How we process our emotions and socially interact and receive other people’s emotions is a huge factor in our success as a leader. Successful leadership is not just about wit or revenue but is largely based on our ability to emotionally and mentally adjust to vast changes, upsets and challenges. Leading an organization will present every type of emotion and our response to these emotions will shape our outcomes and organization's morale. You should know the state of your emotional intelligence and how to better improve your coping and adjusting methods.
What is your EQ?
An EQ measures your ability to balance emotions and empathize with others. A high EQ is indicative of being able to decipher both your emotions as well as others. You potentially have a high EQ if you are easily able to:
Recognize your stressors.
Admit when you are wrong or need help.
Control your emotions and avoid poor decision making.
You are empathetic to others.
You are optimistic.
You are confident in your social skills.
You are easily self motivated.
You are calm in a crisis and seek solutions.
Your EQ needs improvement if:
You feel you are right most of the time.
You are too prideful to lean on others.
You are quick to blame others for their own problems.
You are pessimistic.
You feel socially awkward.
You struggle to motivate yourself and ignite your passions.
You panic in a crisis and avoid your problems.
If you struggle with emotional intelligence it’s okay. Strong emotional intelligence comes over time. It is developed through experience and growing pains. If you are not confident in how you currently handle your emotions and the emotions of others you have not experienced life enough. Real life experiences coupled with the following will increase your emotional intelligence:
Learn to pace yourself. Every situation does not require an immediate response. It’s okay to slow down and process things.
Practice humility. Reminding yourself that the world, your vision, and the long-term goals of your colleagues etc are bigger than you will help you to become empathetic.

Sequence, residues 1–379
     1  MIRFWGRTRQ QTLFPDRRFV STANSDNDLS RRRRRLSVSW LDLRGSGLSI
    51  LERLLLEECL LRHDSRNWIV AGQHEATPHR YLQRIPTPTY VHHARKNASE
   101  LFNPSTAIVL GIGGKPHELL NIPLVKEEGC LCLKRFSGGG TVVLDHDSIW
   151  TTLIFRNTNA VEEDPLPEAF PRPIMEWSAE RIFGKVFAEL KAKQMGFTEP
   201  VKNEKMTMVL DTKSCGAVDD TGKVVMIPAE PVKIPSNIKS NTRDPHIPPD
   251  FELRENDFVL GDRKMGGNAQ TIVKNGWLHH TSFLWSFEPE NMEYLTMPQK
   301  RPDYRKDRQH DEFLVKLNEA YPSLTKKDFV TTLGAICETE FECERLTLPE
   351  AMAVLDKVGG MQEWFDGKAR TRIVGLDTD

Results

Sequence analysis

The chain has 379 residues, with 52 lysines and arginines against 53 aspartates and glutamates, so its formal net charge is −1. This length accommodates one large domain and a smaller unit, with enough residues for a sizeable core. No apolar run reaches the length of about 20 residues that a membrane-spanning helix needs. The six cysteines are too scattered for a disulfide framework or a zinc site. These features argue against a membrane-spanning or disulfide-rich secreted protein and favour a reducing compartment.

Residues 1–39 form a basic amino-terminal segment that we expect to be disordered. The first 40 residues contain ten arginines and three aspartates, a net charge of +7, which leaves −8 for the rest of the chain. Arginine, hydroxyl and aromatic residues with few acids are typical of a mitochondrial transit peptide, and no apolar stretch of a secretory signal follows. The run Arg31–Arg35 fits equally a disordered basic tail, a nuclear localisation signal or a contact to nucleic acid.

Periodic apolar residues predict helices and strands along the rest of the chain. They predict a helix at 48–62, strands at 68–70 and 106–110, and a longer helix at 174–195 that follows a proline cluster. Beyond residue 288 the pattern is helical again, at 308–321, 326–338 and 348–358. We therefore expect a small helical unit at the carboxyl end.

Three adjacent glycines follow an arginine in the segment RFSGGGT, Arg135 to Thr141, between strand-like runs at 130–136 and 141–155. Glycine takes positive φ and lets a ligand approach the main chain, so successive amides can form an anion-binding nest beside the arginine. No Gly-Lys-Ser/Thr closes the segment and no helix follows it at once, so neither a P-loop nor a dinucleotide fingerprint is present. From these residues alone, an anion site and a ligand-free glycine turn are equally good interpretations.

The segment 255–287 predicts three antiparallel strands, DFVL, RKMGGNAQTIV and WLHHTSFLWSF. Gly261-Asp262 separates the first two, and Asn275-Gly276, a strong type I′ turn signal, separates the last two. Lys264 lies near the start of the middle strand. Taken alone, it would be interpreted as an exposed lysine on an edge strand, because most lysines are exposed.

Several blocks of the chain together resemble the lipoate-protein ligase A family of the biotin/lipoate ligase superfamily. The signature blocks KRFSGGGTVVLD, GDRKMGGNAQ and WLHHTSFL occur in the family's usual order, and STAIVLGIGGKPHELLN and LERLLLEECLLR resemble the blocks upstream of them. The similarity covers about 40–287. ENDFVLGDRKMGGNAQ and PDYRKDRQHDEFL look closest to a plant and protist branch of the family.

Face what triggers you. Become proactive to these triggers versus being reactive.
Embrace techniques such as journaling and deep breathing to manage stress and anxiety.
Practice self regulation by taking accountability for all of your actions.
Celebrate all wins large or small to avoid burnouts and boost your own motivation.
Set long-term goals to help you focus on what matters to you.
Dedicate yourself to being an active listener so that you can fully understand the emotions and needs of others.
Work on not interrupting others.
Open yourself up to developing trust with others.
Research has proven that emotionally intelligent people make great leaders. You can be brilliant and great at generating revenue and that will keep you employed and well compensated but strong emotional intelligence will cause you to be respected as a leader and draw people to you. One of the biggest benefits of a strong emotional intelligence is the ability to adapt. Business, family, and life in general are full of ups and downs. There is never a straight path to success and happiness. The ability to adapt and adjust to the challenges and circumstances that life brings your way is crucial to your success and your ability to lead others.
If this inspires you and you want more thoughtful commentary and discussions on leadership, success, professionalism, and more subscribe to my YouTube Channel here: http://bit.ly/DialogueWithDallas